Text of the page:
They needed to stand out, so they created a blog on their website that acts as a resource hub for existing customers and attracts new customers with free content.

“By posting weekly content, we have been able to engage with our consumers like never before,” Kenler said. “Free content that truly adds value to the customer has helped to create a thriving online community of consumers who enjoy our products and services.”

Every community needs a foundation and a homebase—what better place than your own website? If you haven’t blogged or posted content on your site before, you don’t have to figure it out on your own. There’s software out there that can help you get started.

How software can help: Website optimization software can help you get the most mileage out of your website by ensuring your content is visible to readers and optimized for the best possible user experience.

Hotjar’s click heat map can show you what aspects of your content get the most attention

Hotjar’s click heat map can show you what aspects of your content get the most attention (Source)

3. Show your customers you care with exclusive content

Exclusive content can strengthen the community between your brand and your existing customers, while appealing to the curiosity of potential customers.

Matthew Dailly, managing director at Tiger Financial, said they recently hosted a free online seminar for existing clients only. This seminar was designed to help people better understand aspects of the financial industry such as the stock market, interest rates, and how the pandemic might impact the economy.

“It was a great turnout, and we were able to secure some extended contract talks with some of our customers, which just shows that sometimes, all you need is to get in touch with the people that help you keep the business running and see what else there is that you can help them with,” Dailly said.

By offering an exclusive seminar, Tiger Financial was able to connect with its existing customers, identify new challenges, and build off the services they were already providing.

Customers want to feel like they matter to your business, not only as customers but as individuals. An easy way to strengthen customer relationships is by offering exclusive content to your brand’s community.

How software can help: If you want to offer your customers an exclusive online seminar, webinar software can help you make it happen.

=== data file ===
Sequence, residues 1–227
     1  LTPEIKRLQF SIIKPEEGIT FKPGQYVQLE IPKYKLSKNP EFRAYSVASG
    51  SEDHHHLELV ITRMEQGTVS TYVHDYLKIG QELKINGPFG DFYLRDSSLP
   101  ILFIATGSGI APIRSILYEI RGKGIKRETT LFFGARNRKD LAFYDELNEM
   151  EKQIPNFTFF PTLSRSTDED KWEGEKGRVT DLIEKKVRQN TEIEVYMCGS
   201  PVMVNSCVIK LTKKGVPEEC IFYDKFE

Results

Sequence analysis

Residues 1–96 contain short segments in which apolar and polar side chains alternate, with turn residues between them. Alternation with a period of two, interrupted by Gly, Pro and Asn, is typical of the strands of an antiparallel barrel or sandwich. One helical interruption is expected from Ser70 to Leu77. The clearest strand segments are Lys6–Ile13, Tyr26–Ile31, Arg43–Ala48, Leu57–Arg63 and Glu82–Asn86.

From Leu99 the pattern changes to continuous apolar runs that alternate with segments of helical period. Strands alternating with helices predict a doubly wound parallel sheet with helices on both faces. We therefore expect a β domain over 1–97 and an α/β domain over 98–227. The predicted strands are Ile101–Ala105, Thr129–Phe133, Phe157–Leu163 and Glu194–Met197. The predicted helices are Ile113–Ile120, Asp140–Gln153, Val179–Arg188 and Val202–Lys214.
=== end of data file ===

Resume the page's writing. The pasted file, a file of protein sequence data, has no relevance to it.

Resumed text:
GoToWebinar lets webinar facilitators see how many people register and attend webinars

GoToWebinar lets webinar facilitators see how many people register and attend webinars (Source)

Provide an unmatched customer experience to keep them coming back

Building community through your content strategy is one way to offer customers a quality experience that will keep them coming back.

Make sure your content is relevant, easy to access, and once in a while, made only for a select few. This shows that you not only care about your customers’ success, but that you want to be part of the team that helps get them there.

Want more pointers on prioritizing customer retention in your digital strategy?

Looking for Customer Relationship Management software? Check out Capterra's list of the best Customer Relationship Management software solutions.

About the Author

Toby Cox

Toby Cox

Senior Content Writer @ Capterra covering software trends and stories of small business resilience. B.A. in Foreign Affairs and Middle Eastern Languages from the University of Virginia. Beekeeper and bookworm. Virginia native. I love yoga, getting lost in new places, and being outside.


No comments yet. Be the first!

Comment on this article:

Comment Guidelines:
All comments are moderated before publication and must meet our guidelines. Comments must be substantive, professional, and avoid self promotion. Moderators use discretion when approving comments.

For example, comments may not:
• Contain personal information like phone numbers or email addresses
• Be self-promotional or link to other websites
• Contain hateful or disparaging language
• Use fake names or spam content
Your privacy is important to us. Check out our Privacy Policy.